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THE CARIBBEAN -
THE JEWS OF GUIANA



  (See also Guyana)
_____________________________________











OVERVIEW
Wikipedia

Not to be confused with the former West African colony of French Guinea.

French Guiana (pronounced /ɡiːˈɑːnə/ or /ɡiːˈænə/, French: Guyane française; French pronunciation: ​[ɡɥijan fʁɑ̃sɛz]), officially called Guiana (French: Guyane), is an overseas department and region of France, located on the north Atlantic coast of South America in the Guyanas. It borders Brazil to the east and south, and Suriname to the west. Its 83,534 km2 (32,253 sq mi) area has a very low population density of only 3 inhabitants per km2, with half of its 250,109 inhabitants in 2013 living in the metropolitan area of Cayenne, its capital. By land area, it is the second largest region of France and the largest outermost region within the European Union.

The area was originally inhabited by Native Americans. It was colonised by Frenchmen and other Europeans, who introduced African slaves and later Asian labourers and among refugees from Laos.

The official language is French, while each ethnic community has its own language, of which French Guianese Creole is the most widely spoken.

Part of France since 1946, Guiana joined the European Union, and its official currency is the euro. The region is the most prosperous territory in South America with the highest GDP per capita. A large part of Guiana's economy derives from the presence of the Guiana Space Centre, now the European Space Agency's primary launch site near the equator.

HISTORY OF THE JEWS OF THE CARIBBEAN
by Ralph G.Bennett

Jews arrived in French Guiana by the way of the Dutch West India Company. Later on September 12, 1659, came Portuguese Jews from Brazil. The company appointed David Nassy, a Brazilian refugee, patron of an exclusive Jewish settlement on the western side of the island of Cayenne, an area called Remire or Irmire. From 1658 to 1659, Paulo Jacomo Pinto began negotiating with the Dutch authorities in Amsterdam to allow a group of Jews from Livorno, Italy to settle in the Americas. On July 20, 1600, more than 150 Sephardic Jews left Livorno (Leghorn) and settled in Cayenne. The French agreed to those terms, an exceptional policy that was not common among the French colonies. Nevertheless, nearly two-thirds of the population left for the Dutch colony of Suriname.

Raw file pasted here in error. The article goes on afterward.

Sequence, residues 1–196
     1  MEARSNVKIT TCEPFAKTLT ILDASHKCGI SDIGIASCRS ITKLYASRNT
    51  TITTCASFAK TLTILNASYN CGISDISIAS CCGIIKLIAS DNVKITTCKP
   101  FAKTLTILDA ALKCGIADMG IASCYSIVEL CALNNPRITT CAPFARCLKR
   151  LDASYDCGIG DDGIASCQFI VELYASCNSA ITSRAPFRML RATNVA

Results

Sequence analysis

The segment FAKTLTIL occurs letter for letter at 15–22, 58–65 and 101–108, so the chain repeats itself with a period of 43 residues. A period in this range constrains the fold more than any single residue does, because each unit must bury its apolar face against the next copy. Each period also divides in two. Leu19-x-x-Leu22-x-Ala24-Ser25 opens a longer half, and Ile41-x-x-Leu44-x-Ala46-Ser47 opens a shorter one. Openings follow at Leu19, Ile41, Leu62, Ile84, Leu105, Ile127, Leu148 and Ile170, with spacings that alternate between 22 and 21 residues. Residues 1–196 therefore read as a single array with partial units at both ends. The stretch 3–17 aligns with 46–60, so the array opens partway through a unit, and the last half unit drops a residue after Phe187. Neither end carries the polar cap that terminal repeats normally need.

Over the decades, the Leghorn Jews of Cayenne immigrated to Suriname. In 1667, the remaining Jewish community was captured by the occupying British forces and moved the population to either Suriname or Barbados to work in sugarcane production. Since the late 17th century, few Jews have lived in French Guiana. In 1992, 20 Jewish families from Suriname and North Africa attempted to re-establish the community in Cayenne. A Chabad organization exists in the country and maintains Jewish life within the community. Today, 800 Jews live in French Guiana, predominately in Cayenne.

Cayenne, the capital, has played a pivotal role in Jewish history because it is there, on “Devil’s Island,” where Captain Alfred Dreyfus was imprisoned after being falsely convicted of being a German spy. It was after he witnessed the infamous Dreyfus trial that Theodor Herzl wrote “Der Judenstaat” which, because it concluded that Jews needed a national homeland, became the philosophical underpinning of modern Zionism.

Devil’s Island is actually one of a group of three small islands off the coast of Cayenne and can be clearly seen across a narrow, shark-infested channel from Royale Island, where the administrative headquarters of the prison community were located. Today, the group is officially known as the “Isles de Salud” (islands of good health). Even though Royale Island has been sanitized and has become a popular tourist resort, one can still see the cells that housed the more fortunate prisoners and cannot help but sympathize with Dreyfus, who spent four years in solitary confinement on the neighboring island.

Cayenne City, the capital, is a pleasant and unremarkable French colonial city with the mandatory Avenue du General de Gaulle as its main thoroughfare and a number of squares filled with public buildings, monuments and gardens. Fort Ceperou and Fort Diamant are both 17th-century military outposts. Other attractions include a museum and the picturesque Remire-Montjoly Beach.

Georgetown, Paramaribo and Cayenne are all relatively easy to reach by air from Miami, as well as from London, Amsterdam and Paris. While accommodations are not up to North American or European luxury standards, each city has “name brand” hotels as well as more modest lodgings. For travelers wishing to explore the interiors of the Guianas, it is important to have all necessary inoculations and is advisable to travel with groups organized by tour operators that specialize in wilderness and adventure travel.

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